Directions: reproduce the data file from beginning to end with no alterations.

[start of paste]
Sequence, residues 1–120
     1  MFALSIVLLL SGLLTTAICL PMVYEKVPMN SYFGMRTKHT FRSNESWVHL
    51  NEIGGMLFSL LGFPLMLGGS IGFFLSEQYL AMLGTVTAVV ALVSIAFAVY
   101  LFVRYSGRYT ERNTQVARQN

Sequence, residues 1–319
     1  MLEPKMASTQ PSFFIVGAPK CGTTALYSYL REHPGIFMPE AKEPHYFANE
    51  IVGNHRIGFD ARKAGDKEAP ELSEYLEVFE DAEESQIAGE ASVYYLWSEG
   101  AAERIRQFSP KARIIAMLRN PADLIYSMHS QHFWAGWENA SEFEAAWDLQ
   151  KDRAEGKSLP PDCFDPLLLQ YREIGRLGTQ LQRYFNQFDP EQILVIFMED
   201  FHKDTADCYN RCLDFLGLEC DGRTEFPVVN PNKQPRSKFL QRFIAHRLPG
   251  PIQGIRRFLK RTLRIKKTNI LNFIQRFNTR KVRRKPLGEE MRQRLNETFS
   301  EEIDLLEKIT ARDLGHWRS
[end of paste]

Sequence, residues 1–120
     1  MFALSIVLLL SGLLTTAICL PMVYEKVPMN SYFGMRTKHT FRSNESWVHL
    51  NEIGGMLFSL LGFPLMLGGS IGFFLSEQYL AMLGTVTAVV ALVSIAFAVY
   101  LFVRYSGRYT ERNTQVARQN

Sequence, residues 1–319
     1  MLEPKMASTQ PSFFIVGAPK CGTTALYSYL REHPGIFMPE AKEPHYFANE
    51  IVGNHRIGFD ARKAGDKEAP ELSEYLEVFE DAEESQIAGE ASVYYLWSEG
   101  AAERIRQFSP KARIIAMLRN PADLIYSMHS QHFWAGWENA SEFEAAWDLQ
   151  KDRAEGKSLP PDCFDPLLLQ YREIGRLGTQ LQRYFNQFDP EQILVIFMED
   201  FHKDTADCYN RCLDFLGLEC DGRTEFPVVN PNKQPRSKFL QRFIAHRLPG
   251  PIQGIRRFLK RTLRIKKTNI LNFIQRFNTR KVRRKPLGEE MRQRLNETFS
   301  EEIDLLEKIT ARDLGHWRS